Depending on the parenting agreement and best interests of the child, the answer could be yes. Custody does not prohibit a parent from seeing a child. Custody is about who gets to make decisions about raising the child.
Child-raising decisions include items like education and religion. It does not include the living arrangements of the child. It’s possible for one parent to have sole custody, but the child is allowed to split time living with both parents.
As outlined on Ontario’s Steps to Justice page, a parent can have sole custody, or parents can have joint custody. In a sole custody situation, the custodial parent would:
- Make the important decisions regarding the child’s upbringing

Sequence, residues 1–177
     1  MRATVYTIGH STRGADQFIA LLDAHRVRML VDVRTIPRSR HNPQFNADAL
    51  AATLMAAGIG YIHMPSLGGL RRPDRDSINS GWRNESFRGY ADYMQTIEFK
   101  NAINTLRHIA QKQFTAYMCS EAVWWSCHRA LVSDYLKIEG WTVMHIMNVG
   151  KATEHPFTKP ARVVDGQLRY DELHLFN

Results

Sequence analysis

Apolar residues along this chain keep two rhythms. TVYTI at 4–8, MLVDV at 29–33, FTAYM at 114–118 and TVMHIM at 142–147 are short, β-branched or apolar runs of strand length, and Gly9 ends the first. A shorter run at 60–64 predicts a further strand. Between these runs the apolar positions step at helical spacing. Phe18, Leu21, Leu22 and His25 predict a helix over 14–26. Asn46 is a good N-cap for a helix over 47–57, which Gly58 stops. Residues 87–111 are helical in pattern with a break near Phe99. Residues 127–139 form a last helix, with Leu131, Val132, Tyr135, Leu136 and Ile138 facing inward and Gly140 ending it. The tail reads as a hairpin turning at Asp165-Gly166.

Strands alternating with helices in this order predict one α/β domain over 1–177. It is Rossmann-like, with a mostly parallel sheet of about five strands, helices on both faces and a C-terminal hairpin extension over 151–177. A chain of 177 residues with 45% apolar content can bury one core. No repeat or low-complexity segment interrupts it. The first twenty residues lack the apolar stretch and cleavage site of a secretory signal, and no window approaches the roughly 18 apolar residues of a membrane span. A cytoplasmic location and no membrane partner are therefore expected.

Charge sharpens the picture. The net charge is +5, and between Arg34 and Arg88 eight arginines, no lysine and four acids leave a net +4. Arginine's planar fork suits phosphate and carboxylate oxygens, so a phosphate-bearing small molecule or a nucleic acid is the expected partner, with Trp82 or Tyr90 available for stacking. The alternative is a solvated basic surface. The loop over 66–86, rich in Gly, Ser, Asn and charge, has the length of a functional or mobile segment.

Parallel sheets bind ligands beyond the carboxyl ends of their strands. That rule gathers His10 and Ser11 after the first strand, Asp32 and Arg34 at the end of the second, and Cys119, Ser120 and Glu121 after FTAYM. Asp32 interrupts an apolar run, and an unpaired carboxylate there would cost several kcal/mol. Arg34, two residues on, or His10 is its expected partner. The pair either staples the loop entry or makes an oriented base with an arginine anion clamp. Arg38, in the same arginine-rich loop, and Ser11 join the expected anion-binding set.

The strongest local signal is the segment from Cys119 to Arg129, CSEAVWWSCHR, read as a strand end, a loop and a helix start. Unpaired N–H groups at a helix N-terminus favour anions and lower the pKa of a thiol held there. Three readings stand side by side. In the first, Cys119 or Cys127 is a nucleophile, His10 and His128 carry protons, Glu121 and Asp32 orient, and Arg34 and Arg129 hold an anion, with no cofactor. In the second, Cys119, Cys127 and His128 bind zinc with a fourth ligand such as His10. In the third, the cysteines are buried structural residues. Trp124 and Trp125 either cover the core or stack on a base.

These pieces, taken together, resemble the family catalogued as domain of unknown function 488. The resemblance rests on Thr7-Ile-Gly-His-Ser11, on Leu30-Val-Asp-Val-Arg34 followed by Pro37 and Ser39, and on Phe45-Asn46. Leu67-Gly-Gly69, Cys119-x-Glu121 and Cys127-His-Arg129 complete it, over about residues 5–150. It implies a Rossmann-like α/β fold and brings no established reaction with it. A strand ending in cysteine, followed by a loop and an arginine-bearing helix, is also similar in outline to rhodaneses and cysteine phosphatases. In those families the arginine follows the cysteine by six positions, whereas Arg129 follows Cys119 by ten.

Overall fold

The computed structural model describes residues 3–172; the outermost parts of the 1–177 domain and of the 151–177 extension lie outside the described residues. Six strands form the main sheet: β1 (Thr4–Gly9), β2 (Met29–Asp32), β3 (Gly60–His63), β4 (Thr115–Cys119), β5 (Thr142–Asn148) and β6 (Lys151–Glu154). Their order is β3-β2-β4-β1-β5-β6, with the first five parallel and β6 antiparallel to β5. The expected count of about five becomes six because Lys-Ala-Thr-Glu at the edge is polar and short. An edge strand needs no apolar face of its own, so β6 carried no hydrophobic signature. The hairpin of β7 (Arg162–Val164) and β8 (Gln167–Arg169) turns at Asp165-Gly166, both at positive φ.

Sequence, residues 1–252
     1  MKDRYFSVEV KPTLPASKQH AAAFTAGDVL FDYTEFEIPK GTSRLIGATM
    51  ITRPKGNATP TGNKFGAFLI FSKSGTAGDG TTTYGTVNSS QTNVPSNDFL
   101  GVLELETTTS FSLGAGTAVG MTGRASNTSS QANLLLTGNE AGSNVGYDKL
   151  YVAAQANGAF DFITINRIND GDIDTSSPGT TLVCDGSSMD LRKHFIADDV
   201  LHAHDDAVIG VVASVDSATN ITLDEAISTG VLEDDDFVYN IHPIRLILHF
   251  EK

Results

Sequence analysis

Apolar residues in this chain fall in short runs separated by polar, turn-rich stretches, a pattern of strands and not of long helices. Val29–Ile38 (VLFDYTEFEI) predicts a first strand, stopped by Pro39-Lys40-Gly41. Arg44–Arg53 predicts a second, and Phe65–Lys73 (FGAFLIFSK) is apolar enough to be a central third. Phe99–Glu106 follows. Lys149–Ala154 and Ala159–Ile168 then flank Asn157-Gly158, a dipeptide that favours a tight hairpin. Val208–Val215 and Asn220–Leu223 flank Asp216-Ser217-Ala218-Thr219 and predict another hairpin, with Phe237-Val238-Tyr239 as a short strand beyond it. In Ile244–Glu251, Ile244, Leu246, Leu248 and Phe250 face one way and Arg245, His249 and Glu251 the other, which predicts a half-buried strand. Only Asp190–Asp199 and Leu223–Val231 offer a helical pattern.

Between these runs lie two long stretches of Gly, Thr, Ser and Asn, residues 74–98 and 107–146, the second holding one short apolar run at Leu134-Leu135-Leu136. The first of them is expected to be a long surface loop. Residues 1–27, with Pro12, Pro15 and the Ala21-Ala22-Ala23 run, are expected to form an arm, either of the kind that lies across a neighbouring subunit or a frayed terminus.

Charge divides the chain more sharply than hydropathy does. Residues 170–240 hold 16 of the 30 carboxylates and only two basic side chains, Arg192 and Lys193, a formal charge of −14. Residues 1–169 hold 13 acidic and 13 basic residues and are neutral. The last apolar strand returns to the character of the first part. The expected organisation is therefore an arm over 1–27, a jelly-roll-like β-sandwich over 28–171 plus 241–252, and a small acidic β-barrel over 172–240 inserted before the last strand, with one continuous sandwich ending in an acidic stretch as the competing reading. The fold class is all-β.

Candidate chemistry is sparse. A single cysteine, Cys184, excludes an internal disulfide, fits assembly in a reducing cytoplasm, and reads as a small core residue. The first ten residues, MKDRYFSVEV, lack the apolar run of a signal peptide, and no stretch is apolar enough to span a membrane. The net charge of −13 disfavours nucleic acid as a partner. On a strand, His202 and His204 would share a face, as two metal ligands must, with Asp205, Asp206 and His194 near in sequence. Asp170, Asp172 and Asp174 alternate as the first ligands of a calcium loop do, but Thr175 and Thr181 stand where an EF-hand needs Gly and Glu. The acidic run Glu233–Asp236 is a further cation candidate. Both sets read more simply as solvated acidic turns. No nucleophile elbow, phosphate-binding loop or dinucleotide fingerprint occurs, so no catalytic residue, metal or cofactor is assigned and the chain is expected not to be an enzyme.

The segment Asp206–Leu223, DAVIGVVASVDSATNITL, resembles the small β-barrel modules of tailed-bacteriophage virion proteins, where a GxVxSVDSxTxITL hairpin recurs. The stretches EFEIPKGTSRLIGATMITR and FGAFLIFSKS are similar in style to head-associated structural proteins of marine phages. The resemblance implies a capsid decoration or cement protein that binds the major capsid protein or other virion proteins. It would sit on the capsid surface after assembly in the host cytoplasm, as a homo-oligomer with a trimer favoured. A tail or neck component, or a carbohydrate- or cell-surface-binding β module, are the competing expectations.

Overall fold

- Inform the other parent of what these decisions are
- Be the final say on issues that were up for debate
In a joint custody arrangement, both parents would have a say in making the final decisions for their child.
If there is any danger to the safety or well-being of the child, a parent may not be permitted access to his or her child. However, in cases where it is reasonable for both parents to develop a meaningful relationship with their child, they can discuss a co-parenting plan and living arrangements.
A parenting plan outlines how parents can arrive at decisions for their children. It can include issues such as which holidays each parent gets to spend with the child right down to, for example, how parents will decide when is the right time for their child to date.
What’s important to note is that parents don’t have to have all the answers when discussing how to parent their child at the time they separate or divorce. However it is important that parents arrange a way to communicate with each other when issues do arise.
If you have questions about custodial rights or parenting plans, it’s best to consult with an experienced family lawyer. He or she will be able to identify solutions customized to your specific family dynamic.